- The Washington Times - Sunday, October 10, 2004

Area runners will have another marathon alternative in late winter.

The Chesapeake Bay Running Club recently announced the 26.2-mile Lower Potomac River Marathon for March6. Race organizers will accept 400 entrants on a flat, fast scenic course through Piney Point and St. George Island in St. Mary’s County, along the lower Potomac River.

“We did the finish line of the Potomac River Marathon [on May 2] this year,” said Liza Recto, vice president of the CBRC, an eight-time marathoner as well as race director. “We also observed at that marathon because one day we wanted to organize one of our own. The Lower Potomac River Marathon is a sister race to the Potomac River Marathon.”

Recto said the 8 a.m. race, highlighted by scenery and community involvement, will be sponsored by the Harry Lundeberg School of Seamanship in Piney Point. Entry fees begin at $45 ($35 for CBRC members ) and rise to $75 near race day.

Amenities to all runners include a commemorative Dri-Release T-shirt, finisher’s medal, and post-race food. Race organizers are offering cash awards to the top overall finishers as well as noncash awards to the top three men and women overall and top three men and women in 10-year age groups.

Gray lightning — Ed Whitlock, a 73-year-old Canadian who has been a successful long distance runner for decades, set a world record for ages 70 and older at the Toronto Waterfront Marathon on Sept.26.

His time was 2:54:48, nearly five minutes faster than his record of 2:59:09 at Toronto last year. By WAVA standards, his age-graded result was an astounding 99.97 percent and his age-graded time was 2:06:53, near the world record for all ages for the marathon.

Arlington’s Michael Wardian was about 25 minutes ahead of Whitlock in Toronto. The 30-year-old Wardian was sixth in 2:30:01.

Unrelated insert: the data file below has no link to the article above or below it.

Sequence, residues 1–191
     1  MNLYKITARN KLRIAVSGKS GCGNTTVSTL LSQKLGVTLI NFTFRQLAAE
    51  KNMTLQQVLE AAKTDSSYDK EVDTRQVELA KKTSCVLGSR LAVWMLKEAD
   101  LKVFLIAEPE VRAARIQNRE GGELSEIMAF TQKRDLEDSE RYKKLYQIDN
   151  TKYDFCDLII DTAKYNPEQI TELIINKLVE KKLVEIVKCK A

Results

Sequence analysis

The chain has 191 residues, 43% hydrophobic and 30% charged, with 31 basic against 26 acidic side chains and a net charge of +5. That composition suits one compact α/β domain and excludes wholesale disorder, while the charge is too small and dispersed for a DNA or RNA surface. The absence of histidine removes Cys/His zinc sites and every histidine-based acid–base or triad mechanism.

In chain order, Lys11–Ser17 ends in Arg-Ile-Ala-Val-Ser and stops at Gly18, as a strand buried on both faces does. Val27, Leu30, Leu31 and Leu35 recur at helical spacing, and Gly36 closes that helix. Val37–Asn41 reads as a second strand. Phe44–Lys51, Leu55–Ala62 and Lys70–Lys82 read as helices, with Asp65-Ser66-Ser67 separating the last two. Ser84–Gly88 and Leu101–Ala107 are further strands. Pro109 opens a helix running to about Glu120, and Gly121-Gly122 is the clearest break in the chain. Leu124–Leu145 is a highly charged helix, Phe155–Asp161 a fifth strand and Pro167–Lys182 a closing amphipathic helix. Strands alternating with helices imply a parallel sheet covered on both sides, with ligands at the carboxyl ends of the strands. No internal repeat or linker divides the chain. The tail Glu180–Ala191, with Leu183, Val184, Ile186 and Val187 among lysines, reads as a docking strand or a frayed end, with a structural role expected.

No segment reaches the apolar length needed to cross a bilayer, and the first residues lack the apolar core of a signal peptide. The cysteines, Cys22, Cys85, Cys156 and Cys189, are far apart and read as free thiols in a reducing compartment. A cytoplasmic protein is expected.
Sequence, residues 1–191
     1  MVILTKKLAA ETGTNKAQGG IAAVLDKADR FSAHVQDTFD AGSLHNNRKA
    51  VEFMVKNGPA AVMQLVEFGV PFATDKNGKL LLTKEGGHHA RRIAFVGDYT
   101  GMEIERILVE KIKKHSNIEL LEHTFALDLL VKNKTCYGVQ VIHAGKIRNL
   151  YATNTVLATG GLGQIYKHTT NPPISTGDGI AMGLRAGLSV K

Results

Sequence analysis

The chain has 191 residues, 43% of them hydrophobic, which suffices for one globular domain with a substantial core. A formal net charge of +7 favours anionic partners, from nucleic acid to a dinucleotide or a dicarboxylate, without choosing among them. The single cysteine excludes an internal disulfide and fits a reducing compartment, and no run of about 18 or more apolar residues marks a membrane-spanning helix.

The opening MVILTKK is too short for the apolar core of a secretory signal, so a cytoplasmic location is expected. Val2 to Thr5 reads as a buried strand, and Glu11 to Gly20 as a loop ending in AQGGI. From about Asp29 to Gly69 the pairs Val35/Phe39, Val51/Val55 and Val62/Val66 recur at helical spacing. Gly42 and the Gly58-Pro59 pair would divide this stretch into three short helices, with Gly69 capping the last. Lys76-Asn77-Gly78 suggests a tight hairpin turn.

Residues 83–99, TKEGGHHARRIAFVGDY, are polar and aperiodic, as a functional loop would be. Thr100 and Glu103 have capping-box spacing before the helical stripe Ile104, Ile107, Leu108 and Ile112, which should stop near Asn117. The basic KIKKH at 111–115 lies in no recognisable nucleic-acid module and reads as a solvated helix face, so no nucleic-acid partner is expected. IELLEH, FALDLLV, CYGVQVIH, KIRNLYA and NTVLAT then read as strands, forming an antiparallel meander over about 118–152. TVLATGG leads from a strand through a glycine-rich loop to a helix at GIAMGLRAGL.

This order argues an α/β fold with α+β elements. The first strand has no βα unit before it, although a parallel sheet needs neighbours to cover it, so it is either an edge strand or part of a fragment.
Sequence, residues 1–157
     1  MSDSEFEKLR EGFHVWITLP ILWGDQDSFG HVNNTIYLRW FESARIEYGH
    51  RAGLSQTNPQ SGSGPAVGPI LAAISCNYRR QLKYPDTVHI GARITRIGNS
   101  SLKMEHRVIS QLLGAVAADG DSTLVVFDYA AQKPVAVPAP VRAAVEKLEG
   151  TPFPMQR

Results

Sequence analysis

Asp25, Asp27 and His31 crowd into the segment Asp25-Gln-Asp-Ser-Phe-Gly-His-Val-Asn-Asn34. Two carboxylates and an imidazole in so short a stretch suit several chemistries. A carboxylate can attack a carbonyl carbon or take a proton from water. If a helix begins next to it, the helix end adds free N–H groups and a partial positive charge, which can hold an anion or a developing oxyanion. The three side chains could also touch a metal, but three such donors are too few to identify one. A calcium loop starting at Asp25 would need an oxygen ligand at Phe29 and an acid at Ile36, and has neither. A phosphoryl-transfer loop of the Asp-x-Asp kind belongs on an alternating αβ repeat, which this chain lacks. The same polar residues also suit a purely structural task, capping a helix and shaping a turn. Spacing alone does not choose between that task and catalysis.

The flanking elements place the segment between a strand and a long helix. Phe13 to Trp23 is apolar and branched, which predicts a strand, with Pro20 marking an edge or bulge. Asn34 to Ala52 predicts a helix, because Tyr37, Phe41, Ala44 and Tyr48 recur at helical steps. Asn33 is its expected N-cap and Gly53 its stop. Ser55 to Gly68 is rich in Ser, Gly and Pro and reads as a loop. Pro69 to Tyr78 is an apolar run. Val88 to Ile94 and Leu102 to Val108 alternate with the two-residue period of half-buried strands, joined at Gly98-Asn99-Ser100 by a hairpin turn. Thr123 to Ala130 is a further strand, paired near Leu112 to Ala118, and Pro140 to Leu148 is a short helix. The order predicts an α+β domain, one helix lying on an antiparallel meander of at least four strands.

A legend passes — Johnny Kelley left us last week, but somehow he will always be around Boston on Patriots’ Day Monday for the marathon. This endearing man died at age 97, just three hours after entering a nursing home on Cape Cod.

His running career was long and distinguished, but he will surely be remembered forever for his gesture on the famous Heartbreak Hill on the Boston Marathon course.

It was there where Kelley passed race leader Ellison “Tarzan” Brown by the last of the four Newton hills after 22 miles in 1936. He patted Brown on the back as he took the lead, assuming Brown was spent. But Brown did not take kindly to the gesture, soon regained the lead and eventually won as Kelley, heartbroken, faded to fifth. When he was interviewed by a journalist, Kelley recounted his disappointment on the hill, and the next day’s paper referred to that spot on the course as Heartbreak Hill.

That summer Kelley finished 18th in the marathon at the Berlin Olympics. He made the Olympic team again in 1940, but the Games were canceled after Germany invaded Norway. In the 1948 London Olympics, he finished 21st at age 40.

Kelley completed 58 of the 61 Boston Marathons he began, including his last in 5:58:36 in 1992 at age 84. He won it twice — 1935 and 1945 — and was second an amazing seven times.

End note — Olympian Dan Browne has committed to running the 2004 Army Ten-Miler on Oct.24 at the Pentagon. Browne won the race in 1997 and 1998 as a member of the Army’s elite World Class Athletes Program (WCAP).

He set the standard with his victory in 1997, the 13th running of the Army Ten-Miler, by posting the race’s current record of 47:44.

Browne competed in the 10,000 meters and the marathon at the Athens Olympics and is coached by legendary distance runner Alberto Salazar in Portland, Ore.

Copyright © 2018 The Washington Times, LLC. Click here for reprint permission.

The Washington Times Comment Policy

The Washington Times welcomes your comments on Spot.im, our third-party provider. Please read our Comment Policy before commenting.


Click to Read More and View Comments

Click to Hide